Soaring home prices are setting off 🚨 ALARM BELLS 🚨
Alarm bells are going off for policy makers due to surging home prices as they remember the rise in 2006 and 2007 followed by the largest recession since the Great Depression.
In 2020 as the U.S. economy shut down, the housing market kept it from collapsing entirely. But as interest rates dropped, demand (and therefore home prices) surged.
Home sales jumped 24% in January from the year before and home prices rose 14%. Remember this is usually a slow month for real estate. And this was also while unemployment sat at twice the rate as its average.
And the movement has definitely caught the attention of lawmakers.
“The dream of homeownership is out of reach for so many working people,” Senate Banking Chair Sherrod Brown, D-Ohio, said. “Rising home prices and flat wages means that many families, especially families of color, may never be able to afford their first home.”
Even economists have begun to voice their concerns:
“I am worried that the price run-up is going to choke off first-time buyers,” said Lawrence Yun, National Association of Realtors chief economist. “This simply cannot continue.”
Brown said that these issues will be top priorities in the months to come as the U.S. comes out of the current recession. He said he will work with the Biden administration to address the high cost of housing and expand access to homeownership to more families.
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Treasury Secretary Yellen abandons Twitter for Medium
During the Trump administration, Twitter was the place to be. That’s where the news broke. Who could forget when former President Donald Trump fired his defense secretary through a Tweet?
Now, Treasury Secretary Janet Yellen says even the recently expanded character limit of 280 isn’t enough space. She is now jumping to Medium to write longer communications. This marks the first time a Treasury Secretary is using the platform.
Check out one of her most recent posts below from this week after the House passed the stimulus relief bill:
The numbers may not immediately reflect it, but today was a pivotal day for the American economy.
From the time the pandemic began up until this very week, the economic data has contained deep pockets of pain. Roughly 18 million people are still receiving unemployment insurance, and nearly one million of the families relying on it say their children don’t have enough to eat.
Upon taking office, we worried that many of these families would be haunted by the COVID economy long after the health emergency was over. We know that when the foundations of someone’s life collapse — when they lose a small business, or the roof over their head, or the ability to eat dinner every night — it can scar them permanently; their ability to earn is forever lowered. I worried this would happen on a mass scale, but now I am confident that it won’t.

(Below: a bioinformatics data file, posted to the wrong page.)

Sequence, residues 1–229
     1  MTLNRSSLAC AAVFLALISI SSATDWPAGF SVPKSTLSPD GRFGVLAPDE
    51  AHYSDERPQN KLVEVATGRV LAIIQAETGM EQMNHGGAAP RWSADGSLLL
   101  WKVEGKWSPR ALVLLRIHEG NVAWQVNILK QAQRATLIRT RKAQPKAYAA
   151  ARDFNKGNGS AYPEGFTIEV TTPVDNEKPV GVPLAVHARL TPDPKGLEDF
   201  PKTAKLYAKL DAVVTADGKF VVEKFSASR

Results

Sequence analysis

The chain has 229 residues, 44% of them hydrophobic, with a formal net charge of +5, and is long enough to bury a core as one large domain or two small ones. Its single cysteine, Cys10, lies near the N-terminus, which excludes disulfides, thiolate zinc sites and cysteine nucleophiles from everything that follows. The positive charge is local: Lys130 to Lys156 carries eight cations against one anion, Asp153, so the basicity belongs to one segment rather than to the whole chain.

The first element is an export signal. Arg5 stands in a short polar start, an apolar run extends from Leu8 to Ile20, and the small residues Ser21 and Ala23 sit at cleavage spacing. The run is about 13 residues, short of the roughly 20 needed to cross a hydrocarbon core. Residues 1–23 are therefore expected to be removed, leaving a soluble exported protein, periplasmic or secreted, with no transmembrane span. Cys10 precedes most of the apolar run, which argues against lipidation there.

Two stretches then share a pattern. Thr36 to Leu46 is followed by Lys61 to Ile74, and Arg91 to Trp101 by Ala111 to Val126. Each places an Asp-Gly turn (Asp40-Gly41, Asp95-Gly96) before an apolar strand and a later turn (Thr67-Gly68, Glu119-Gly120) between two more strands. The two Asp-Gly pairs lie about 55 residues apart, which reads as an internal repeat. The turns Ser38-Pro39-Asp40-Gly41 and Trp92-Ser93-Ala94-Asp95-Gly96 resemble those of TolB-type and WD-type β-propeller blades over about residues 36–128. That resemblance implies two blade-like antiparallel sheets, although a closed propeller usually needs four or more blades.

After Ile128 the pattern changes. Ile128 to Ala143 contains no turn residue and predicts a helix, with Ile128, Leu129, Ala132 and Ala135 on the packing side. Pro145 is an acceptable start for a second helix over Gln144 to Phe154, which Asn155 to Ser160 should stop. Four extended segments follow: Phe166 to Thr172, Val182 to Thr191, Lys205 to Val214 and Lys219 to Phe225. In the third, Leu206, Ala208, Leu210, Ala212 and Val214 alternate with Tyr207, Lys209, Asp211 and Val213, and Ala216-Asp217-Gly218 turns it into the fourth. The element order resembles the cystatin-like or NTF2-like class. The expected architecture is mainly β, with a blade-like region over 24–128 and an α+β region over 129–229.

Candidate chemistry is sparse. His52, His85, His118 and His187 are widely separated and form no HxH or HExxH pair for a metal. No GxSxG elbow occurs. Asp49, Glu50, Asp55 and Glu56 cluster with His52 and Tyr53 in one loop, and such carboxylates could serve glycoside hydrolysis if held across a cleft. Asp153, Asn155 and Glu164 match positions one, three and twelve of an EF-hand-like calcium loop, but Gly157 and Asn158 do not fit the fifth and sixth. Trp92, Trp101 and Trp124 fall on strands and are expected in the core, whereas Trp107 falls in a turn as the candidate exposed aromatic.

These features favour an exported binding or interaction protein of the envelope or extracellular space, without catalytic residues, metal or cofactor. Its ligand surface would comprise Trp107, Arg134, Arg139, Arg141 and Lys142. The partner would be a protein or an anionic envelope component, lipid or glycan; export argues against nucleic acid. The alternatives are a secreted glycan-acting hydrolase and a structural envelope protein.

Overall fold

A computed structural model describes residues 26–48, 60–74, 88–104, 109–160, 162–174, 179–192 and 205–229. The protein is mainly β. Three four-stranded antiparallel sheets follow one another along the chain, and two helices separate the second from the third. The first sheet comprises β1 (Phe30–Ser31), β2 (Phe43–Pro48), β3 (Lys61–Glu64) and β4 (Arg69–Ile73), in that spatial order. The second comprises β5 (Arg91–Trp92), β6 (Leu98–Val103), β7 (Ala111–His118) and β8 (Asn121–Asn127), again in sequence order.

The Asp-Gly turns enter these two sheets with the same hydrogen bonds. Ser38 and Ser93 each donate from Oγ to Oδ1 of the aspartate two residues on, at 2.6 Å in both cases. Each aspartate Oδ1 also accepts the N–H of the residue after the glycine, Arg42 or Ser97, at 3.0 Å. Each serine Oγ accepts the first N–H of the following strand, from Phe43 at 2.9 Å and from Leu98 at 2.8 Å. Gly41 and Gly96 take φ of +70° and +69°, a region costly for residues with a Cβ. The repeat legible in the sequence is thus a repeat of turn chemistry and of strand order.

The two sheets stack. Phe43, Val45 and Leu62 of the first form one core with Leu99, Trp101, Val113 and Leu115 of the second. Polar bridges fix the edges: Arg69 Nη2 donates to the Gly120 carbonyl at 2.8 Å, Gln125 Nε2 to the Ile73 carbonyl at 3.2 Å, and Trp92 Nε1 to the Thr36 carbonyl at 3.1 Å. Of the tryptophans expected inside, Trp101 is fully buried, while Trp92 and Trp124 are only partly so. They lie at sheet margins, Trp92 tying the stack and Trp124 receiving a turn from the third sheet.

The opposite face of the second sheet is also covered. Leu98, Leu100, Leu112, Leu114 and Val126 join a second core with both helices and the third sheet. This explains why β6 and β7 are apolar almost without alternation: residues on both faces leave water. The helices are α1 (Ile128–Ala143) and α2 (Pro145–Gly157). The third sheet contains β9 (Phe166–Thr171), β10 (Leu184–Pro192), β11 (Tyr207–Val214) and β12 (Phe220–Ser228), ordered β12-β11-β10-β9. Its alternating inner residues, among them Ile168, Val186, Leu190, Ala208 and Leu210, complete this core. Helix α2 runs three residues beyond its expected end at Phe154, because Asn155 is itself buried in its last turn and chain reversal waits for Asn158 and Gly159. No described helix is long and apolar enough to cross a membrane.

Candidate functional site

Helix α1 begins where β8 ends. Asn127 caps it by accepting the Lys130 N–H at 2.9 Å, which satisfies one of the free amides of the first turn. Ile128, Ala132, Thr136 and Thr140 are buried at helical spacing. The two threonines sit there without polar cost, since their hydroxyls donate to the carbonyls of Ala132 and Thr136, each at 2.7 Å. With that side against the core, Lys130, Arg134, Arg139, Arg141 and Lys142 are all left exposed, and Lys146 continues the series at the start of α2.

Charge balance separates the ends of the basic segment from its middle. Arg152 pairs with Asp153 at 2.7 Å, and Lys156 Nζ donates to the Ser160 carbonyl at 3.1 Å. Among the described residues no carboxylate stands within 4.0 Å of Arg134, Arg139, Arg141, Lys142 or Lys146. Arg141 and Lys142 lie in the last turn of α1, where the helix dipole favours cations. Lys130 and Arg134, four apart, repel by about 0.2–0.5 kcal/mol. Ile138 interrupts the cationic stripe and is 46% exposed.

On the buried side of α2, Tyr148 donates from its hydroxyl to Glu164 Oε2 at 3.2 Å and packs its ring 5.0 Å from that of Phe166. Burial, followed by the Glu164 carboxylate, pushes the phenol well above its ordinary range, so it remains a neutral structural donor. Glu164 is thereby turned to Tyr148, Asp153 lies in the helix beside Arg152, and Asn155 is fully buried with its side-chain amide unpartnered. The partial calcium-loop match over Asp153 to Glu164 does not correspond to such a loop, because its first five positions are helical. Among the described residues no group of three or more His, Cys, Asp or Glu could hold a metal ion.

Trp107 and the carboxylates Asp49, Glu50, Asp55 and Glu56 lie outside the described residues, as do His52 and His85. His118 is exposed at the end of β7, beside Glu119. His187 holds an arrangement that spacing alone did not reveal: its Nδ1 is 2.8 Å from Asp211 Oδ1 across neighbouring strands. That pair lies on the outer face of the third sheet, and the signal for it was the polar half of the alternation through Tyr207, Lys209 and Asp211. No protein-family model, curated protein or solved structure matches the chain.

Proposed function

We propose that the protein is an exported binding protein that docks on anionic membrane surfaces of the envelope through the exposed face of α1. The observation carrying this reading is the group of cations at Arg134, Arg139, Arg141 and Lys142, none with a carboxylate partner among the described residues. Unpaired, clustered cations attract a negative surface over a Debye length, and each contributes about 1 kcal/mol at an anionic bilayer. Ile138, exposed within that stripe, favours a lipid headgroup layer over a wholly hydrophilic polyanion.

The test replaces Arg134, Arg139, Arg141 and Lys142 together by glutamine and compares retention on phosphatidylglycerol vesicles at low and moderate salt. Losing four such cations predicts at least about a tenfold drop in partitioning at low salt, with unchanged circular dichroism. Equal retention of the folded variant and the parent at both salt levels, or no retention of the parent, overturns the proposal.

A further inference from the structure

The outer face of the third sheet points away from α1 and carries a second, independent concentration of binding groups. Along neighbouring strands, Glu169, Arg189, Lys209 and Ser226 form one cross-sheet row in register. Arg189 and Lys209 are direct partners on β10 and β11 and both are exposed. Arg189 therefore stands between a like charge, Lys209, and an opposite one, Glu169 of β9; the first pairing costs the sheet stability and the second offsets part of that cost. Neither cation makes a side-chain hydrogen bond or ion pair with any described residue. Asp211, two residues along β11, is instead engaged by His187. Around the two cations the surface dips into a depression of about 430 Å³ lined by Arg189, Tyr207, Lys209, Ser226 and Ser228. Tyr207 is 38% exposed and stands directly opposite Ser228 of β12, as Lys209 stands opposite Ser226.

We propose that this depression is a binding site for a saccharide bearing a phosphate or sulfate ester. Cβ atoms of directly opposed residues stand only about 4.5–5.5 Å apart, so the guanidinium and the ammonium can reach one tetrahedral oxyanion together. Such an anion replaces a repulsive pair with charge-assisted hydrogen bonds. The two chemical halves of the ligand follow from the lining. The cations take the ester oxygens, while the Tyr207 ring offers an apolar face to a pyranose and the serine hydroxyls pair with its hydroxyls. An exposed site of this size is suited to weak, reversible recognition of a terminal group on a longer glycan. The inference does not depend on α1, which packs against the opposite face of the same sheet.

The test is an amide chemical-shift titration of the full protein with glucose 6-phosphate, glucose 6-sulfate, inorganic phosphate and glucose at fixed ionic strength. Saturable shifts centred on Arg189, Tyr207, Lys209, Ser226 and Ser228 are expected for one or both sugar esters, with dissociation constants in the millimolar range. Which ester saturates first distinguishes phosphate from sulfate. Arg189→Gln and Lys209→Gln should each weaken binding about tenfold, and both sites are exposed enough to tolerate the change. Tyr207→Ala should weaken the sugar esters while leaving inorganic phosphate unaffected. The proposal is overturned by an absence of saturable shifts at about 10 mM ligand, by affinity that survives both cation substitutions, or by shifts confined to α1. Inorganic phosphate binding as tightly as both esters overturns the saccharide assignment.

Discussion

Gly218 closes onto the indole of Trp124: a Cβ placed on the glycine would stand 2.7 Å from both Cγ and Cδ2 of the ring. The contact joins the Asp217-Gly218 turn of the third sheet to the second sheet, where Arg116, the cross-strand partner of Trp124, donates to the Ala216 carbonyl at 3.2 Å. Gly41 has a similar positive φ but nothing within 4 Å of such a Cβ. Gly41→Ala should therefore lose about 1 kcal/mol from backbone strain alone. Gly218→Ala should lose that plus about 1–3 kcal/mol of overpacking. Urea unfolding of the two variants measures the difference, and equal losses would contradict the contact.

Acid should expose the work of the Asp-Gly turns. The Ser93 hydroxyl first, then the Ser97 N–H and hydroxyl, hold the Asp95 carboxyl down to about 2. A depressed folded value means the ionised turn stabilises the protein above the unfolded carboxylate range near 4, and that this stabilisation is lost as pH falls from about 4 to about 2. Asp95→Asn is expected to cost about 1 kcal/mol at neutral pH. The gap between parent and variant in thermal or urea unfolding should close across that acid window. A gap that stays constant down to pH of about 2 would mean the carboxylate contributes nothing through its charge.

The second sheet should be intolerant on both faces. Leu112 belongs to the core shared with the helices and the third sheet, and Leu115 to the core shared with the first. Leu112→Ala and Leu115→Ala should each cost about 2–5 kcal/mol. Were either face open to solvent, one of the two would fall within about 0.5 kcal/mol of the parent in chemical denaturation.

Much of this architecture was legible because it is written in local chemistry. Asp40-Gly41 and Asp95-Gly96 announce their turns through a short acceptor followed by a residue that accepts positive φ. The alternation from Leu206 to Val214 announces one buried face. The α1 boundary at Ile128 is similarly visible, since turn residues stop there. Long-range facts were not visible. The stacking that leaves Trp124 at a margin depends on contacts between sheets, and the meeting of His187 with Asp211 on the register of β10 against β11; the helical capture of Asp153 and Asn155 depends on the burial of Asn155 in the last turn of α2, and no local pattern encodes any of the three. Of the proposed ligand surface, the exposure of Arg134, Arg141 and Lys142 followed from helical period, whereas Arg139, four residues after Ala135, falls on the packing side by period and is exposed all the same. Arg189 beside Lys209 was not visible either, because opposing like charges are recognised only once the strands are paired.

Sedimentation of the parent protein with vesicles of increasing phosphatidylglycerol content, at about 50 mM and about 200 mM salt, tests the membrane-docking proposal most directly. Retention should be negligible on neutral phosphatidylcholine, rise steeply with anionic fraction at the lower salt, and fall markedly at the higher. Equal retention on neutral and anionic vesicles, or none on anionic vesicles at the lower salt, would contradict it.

With the passage of the American Rescue Plan, Americans will emerge from the pandemic with the foundations of their lives intact. And that is an enormous economic and moral achievement for America.
Indeed, we are now charting a very different course out of this crisis compared to the one a decade ago. Rather than a long, slow recovery, expect we could reach full employment by as soon as next year.
Our Treasury team will be doing everything we can to accelerate the recovery. We are ready to get to work implementing the measures in the Rescue Plan, including economic impact payments, expanded child tax credits, help for struggling renters and homeowners, and support for state, local and tribal governments.
Of course, there will still be tough months ahead, but eventually, this law will help clear away the immediate crisis in front of our eyes, and let us start building a better post-COVID future.
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“She-cession” to derail homeownership growth?
Single women far outpace men when it comes to buying a home. Female buyers accounted for 19% of the homes purchased in 2020, according to the National Association of Realtors. 19% of first-time home buyers and 17% of repeat home buyers were single women, while 11% of first-time home buyers and 9% of repeat buyers were single men.
But then COVID hit. And women’s labor force participation rate hit a 33-year low in January. To put a little perspective on it, last year women outnumbered men in the U.S. workforce, but they accounted for 100% of jobs lost in December.
There are many reasons women lost more jobs – one of which being they were more likely to step down in order to deal with family at home due to the pandemic.
And First American examines whether that could derail single women’s homeownership growth.
“The current health crisis has resulted in economic hardship for many, particularly a negative income shock and high unemployment,” the company said in a blog. “Women have been disproportionately hurt by the pandemic ‘she-cession’ because women, specifically younger and less educated women, are over-represented in service sector jobs and this was the Great Recession for the services industry.”
However, homeownership numbers correlate with older and more educated demographics, which could save the housing market from being affected by the “she-cession.”
“While the pandemic recession has proven devastating for many of these workers, the nature of this service sector-driven recession is unlikely to result in a one-to-one decline in homeownership demand for single women because those being impacted disproportionately by this “she-cession” are much less likely to have been house hunting in the first place,” First American said.
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